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An Unusual Sight

Joseph Mailliard
Publication Information
4 (July-August)
From Field and Study

An Unusual Sight

What seemed to me a sight worthy of note was observed a few mornings ago on the outskirts of this town. A man was endeavoring to burn the rather green grass on the golf links near the mission during the prevalence of a very strong north wind. While walking along the road, some half mile from the spot, I first observed the smoke rising, and soon noticed that, on the lee side of the fire, the air was dark with what appeared to be swallows, but did not at the moment connect the two incidents in my mind. Approaching from the windward side I ran into a small flight of white-throated swifts (Aeronautes melanoleucus) accompanied by a few Vaux swifts (Chætura vauxi) and a few swallows, and being too near houses to use a large charge, nranaged to drop a couple of the Aeronautes with my 32-cal. auxiliary as they were bucking against the wind. The field was burning just opposite my quarters, and on close approach the air appeared to be actually full of swallows, cliff swallows far outnumbering the other varieties, darting about in the lee of the fire and following the thin smoke for at least a quarter of a mile. All the swallows of the neighborhood seemed to have congregated on the spot. Many were actually flitting through the smoke within three feet of the smouldering blaze where the grass was too green to burn freely, though the heat must have been considerable within such a short distance of the fire.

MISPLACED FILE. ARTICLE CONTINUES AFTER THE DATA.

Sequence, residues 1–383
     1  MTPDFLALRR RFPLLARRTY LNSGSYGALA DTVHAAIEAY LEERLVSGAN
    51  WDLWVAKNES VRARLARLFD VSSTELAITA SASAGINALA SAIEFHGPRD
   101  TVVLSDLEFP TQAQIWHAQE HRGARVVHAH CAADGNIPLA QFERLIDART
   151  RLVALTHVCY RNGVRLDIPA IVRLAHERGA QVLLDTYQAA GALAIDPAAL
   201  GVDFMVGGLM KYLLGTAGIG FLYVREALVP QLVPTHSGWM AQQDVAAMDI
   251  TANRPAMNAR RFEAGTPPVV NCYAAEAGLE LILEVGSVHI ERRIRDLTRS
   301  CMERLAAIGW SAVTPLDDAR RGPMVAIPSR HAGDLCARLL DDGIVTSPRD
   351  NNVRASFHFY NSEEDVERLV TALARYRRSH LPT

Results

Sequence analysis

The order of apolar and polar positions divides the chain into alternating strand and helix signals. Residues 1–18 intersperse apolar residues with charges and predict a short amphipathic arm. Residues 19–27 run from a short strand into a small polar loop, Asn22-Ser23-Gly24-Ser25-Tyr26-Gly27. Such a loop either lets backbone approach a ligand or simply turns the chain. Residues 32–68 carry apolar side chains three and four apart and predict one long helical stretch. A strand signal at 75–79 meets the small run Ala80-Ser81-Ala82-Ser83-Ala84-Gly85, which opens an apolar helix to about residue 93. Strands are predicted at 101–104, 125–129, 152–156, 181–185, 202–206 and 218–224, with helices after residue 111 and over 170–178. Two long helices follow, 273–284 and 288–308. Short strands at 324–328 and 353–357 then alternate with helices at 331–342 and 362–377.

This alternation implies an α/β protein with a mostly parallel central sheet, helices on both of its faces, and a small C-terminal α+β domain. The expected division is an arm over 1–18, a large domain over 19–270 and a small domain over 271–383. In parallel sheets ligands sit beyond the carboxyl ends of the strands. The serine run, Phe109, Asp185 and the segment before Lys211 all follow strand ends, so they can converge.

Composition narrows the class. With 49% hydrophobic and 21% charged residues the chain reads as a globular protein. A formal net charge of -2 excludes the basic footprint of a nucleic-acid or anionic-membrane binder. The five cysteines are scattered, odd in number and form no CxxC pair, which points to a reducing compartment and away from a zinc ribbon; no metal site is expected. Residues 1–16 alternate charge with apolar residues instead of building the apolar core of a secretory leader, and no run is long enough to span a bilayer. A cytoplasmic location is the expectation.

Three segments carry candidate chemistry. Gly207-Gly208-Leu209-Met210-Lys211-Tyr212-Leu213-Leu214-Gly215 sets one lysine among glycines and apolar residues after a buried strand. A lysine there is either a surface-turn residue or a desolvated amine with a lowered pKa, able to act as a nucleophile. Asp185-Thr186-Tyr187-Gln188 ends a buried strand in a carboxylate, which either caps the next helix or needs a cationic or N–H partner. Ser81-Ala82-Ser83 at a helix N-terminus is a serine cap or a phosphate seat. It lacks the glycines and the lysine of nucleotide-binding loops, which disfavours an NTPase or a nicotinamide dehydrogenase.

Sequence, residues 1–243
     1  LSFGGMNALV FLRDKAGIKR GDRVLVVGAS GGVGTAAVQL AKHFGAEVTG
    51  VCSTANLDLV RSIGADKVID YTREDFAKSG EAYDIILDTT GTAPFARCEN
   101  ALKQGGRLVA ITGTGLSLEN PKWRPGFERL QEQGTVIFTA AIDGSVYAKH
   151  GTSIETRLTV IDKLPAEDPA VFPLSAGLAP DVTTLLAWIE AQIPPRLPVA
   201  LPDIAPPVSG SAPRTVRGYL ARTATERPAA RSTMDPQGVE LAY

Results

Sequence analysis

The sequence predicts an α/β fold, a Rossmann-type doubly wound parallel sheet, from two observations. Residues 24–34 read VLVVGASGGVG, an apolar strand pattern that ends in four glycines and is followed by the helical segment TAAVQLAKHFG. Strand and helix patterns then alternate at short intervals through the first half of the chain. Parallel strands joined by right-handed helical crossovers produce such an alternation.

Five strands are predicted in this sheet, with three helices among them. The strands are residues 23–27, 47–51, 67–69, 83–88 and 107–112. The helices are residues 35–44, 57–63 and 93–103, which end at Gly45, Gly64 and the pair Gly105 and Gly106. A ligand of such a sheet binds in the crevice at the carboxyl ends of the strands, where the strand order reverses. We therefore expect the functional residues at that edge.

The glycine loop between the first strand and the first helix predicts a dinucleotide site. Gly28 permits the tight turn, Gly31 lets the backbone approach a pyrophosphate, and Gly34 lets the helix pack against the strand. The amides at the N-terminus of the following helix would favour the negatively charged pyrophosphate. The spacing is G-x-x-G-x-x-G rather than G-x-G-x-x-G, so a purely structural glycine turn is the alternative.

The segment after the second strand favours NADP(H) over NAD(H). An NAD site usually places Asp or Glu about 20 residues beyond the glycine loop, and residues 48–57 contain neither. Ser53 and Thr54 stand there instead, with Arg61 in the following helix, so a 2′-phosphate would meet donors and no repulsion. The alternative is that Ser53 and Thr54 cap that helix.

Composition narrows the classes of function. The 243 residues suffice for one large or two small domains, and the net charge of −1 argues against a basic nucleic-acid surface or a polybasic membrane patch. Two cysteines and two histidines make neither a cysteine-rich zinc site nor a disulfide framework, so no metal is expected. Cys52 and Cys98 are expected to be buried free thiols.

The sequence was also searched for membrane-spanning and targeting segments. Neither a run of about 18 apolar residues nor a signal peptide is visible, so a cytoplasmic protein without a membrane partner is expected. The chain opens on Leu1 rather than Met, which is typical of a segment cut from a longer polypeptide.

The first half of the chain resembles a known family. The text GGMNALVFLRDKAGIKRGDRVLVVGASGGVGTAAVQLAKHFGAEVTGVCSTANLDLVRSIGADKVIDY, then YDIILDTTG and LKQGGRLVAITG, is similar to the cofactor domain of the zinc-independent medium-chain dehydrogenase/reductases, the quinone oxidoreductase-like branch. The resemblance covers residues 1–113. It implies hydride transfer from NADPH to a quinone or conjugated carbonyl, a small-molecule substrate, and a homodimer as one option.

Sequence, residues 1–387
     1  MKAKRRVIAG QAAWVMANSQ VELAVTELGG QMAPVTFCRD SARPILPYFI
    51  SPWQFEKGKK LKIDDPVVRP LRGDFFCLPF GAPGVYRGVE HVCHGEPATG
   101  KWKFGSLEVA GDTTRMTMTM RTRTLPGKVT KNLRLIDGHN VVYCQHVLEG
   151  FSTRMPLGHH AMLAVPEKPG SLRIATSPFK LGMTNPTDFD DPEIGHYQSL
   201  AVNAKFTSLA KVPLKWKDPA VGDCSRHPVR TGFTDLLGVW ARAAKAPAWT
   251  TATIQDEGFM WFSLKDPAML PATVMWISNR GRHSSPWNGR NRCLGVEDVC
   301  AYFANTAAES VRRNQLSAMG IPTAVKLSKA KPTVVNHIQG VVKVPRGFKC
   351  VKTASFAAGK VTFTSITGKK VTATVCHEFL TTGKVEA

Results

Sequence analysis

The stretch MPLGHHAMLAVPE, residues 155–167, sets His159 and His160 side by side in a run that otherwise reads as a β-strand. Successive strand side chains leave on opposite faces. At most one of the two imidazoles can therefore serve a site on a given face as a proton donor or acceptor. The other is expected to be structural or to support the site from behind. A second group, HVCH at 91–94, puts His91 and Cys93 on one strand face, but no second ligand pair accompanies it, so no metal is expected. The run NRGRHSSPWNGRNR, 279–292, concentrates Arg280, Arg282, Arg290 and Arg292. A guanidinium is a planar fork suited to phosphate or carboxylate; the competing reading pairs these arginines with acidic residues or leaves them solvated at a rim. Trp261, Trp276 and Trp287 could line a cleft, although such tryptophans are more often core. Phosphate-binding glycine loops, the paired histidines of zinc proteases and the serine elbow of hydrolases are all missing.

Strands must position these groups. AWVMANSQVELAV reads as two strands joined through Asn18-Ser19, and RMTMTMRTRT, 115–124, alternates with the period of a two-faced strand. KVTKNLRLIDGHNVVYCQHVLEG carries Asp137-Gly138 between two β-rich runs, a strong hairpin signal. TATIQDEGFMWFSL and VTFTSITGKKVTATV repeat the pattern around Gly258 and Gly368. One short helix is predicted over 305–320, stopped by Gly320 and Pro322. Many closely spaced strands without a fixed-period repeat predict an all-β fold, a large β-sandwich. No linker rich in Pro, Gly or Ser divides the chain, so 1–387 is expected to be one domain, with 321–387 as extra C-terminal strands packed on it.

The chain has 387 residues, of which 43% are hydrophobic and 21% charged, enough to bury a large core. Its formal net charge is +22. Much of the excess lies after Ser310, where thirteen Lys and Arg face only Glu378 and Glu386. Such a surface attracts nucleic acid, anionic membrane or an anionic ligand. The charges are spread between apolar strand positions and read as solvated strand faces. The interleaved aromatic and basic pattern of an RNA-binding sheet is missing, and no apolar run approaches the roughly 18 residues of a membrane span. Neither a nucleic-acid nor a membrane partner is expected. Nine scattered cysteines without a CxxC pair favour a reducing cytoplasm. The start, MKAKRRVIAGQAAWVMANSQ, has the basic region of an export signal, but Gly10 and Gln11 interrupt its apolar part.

The burning was not continued for any great length of time on this day, but was resumed on the next when the same occurrence was repeated, the only difference being that the wind being less strong and somewhat shifting the area of the smoke was greater and the birds consequently more scattered. Also on this morning a good many swifts were among the swallows, while on the previous day these had mostly kept to windward of the smoke. On the third day I was busy putting up specimens and did not notice whether there was any fire or not, but in the afternoon Mr. A. P. Redington came to call on me and was much interested at having seen a repetition of this occurrence on the way over, it being something new in his experience.

Neither of us was able to solve the phenomena. We could not ascertain whether the birds were after insects stirred up from the grass, whether they were attracted by the smoke itself, or whether they mistook fine cinders for insects. The first hypothesis seemed untenable from the fact that there could not have been enough insects from such a small area of grass as was burning to amount to much in the way of food for such an assemblage of birds, while the third seems an insult to the birds’ intelligence on account of their persistency in following the smoke for several days. It really appeared as if the smoke itself or the odor therefrom was the great attraction.


Santa Barbara, Cal., May 23, 1902.

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